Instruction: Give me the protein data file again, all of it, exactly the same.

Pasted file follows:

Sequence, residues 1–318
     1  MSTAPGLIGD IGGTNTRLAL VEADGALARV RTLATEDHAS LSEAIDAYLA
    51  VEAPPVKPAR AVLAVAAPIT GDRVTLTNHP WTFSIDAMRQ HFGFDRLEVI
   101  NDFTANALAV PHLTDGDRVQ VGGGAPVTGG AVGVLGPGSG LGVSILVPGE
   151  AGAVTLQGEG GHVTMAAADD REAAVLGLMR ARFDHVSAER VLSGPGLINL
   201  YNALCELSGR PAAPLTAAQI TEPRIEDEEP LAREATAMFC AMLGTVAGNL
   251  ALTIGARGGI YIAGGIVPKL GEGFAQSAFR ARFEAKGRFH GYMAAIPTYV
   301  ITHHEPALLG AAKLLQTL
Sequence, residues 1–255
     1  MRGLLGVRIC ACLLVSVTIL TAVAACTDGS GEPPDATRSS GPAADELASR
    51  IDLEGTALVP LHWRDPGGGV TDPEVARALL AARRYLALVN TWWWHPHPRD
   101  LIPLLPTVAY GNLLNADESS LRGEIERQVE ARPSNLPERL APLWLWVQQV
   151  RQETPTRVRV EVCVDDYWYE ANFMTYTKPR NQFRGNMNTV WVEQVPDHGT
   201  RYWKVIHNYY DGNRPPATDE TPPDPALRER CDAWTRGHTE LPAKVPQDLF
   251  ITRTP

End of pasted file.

Sequence, residues 1–318
     1  MSTAPGLIGD IGGTNTRLAL VEADGALARV RTLATEDHAS LSEAIDAYLA
    51  VEAPPVKPAR AVLAVAAPIT GDRVTLTNHP WTFSIDAMRQ HFGFDRLEVI
   101  NDFTANALAV PHLTDGDRVQ VGGGAPVTGG AVGVLGPGSG LGVSILVPGE
   151  AGAVTLQGEG GHVTMAAADD REAAVLGLMR ARFDHVSAER VLSGPGLINL
   201  YNALCELSGR PAAPLTAAQI TEPRIEDEEP LAREATAMFC AMLGTVAGNL
   251  ALTIGARGGI YIAGGIVPKL GEGFAQSAFR ARFEAKGRFH GYMAAIPTYV
   301  ITHHEPALLG AAKLLQTL
Sequence, residues 1–255
     1  MRGLLGVRIC ACLLVSVTIL TAVAACTDGS GEPPDATRSS GPAADELASR
    51  IDLEGTALVP LHWRDPGGGV TDPEVARALL AARRYLALVN TWWWHPHPRD
   101  LIPLLPTVAY GNLLNADESS LRGEIERQVE ARPSNLPERL APLWLWVQQV
   151  RQETPTRVRV EVCVDDYWYE ANFMTYTKPR NQFRGNMNTV WVEQVPDHGT
   201  RYWKVIHNYY DGNRPPATDE TPPDPALRER CDAWTRGHTE LPAKVPQDLF
   251  ITRTP